The retail industry is facing unprecedented changes. Since Amazon went online in 1995, technology has been blurring the boundaries between virtual and physical retail space. The third annual Cisco study of consumers found that nearly 80 percent of U.S. consumers use the Internet to shop. Armed with their smartphones, customers now walk into a store with much more knowledge and power in the palm of their hands than ever before, enough to keep retail executives up at night.
Nearly one out of three shoppers search on their mobile device before purchasing in store. Customers want to know if items are available in the right size, right color, and right now. These shoppers expect the same prices, products, and offers regardless of the channel being used (e-commerce websites, brick-and-mortar stores, or mobile devices). I’m surprised at how many stores really don’t know what’s in stock. To keep up with today’s savvy shoppers, retailers need to update their inventory systems using signals from their supply chains, online presence, back rooms, and front stores in real time. And all of this is the in the context of shrinking customer spending, rising business costs, and competition.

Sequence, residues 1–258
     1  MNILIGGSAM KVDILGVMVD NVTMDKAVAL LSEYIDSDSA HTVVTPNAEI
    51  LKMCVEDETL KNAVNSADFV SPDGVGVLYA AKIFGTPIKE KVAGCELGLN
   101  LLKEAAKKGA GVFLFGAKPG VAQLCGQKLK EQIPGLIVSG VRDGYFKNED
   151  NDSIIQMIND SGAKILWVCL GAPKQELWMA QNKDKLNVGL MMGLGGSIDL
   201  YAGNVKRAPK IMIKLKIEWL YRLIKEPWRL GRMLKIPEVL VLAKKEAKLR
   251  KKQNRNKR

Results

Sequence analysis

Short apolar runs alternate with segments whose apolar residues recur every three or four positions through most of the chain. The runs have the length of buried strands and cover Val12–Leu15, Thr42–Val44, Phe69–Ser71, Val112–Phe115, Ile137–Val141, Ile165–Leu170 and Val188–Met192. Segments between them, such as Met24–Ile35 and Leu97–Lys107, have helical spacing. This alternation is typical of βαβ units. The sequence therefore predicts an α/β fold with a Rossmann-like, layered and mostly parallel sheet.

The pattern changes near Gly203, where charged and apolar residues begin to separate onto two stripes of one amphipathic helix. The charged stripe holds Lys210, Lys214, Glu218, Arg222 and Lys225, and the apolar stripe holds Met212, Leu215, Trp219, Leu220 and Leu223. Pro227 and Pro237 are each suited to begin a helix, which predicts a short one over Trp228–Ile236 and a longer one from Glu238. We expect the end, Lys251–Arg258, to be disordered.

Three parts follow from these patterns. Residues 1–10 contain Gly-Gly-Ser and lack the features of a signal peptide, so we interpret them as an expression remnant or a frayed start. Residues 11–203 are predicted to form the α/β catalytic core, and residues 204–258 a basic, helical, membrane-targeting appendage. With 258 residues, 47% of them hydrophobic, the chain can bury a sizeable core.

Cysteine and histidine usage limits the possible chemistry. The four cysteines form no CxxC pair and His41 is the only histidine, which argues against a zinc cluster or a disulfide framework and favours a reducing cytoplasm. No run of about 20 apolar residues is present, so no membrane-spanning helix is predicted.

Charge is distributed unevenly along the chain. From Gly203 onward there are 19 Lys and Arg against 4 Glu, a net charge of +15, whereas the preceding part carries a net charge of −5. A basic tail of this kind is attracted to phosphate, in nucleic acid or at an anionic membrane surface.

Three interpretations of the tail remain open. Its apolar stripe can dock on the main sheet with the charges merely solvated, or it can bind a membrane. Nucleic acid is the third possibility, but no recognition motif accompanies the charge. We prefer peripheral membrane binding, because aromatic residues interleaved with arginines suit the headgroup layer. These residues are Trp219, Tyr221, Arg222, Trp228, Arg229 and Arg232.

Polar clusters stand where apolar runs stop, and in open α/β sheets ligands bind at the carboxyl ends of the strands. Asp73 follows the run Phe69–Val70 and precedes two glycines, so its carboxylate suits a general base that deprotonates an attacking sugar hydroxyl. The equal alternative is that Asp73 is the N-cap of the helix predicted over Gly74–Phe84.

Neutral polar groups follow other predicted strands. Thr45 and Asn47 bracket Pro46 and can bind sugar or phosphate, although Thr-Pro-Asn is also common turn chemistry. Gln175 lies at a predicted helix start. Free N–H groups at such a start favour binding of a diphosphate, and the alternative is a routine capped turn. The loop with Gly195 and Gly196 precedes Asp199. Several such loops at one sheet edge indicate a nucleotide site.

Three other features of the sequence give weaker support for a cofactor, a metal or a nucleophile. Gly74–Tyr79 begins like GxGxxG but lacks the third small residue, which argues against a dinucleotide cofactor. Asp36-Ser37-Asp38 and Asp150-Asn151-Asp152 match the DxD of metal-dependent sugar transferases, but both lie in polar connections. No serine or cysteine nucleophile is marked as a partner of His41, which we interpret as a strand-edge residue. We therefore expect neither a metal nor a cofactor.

With these monumental shifts in consumer behavior, it shouldn’t be a surprise that the biggest Internet of Everything (IoE) Value at Stake opportunities reside in extracting customer insights and creating better experiences. For years, retailers have trusted Cisco innovations to help them improve the store experience, increase supply chain efficiencies, and deliver a consistent multi-channel experience to their customers. Just last month, on stage at Cisco Live with John Chambers, I demonstrated Cisco’s location-based services to help retailers improve planogram and measure campaign effectiveness through the movement of customers. But there is much more that the Internet of Everything can do to address the two main goals of retailers: revenue and loyalty.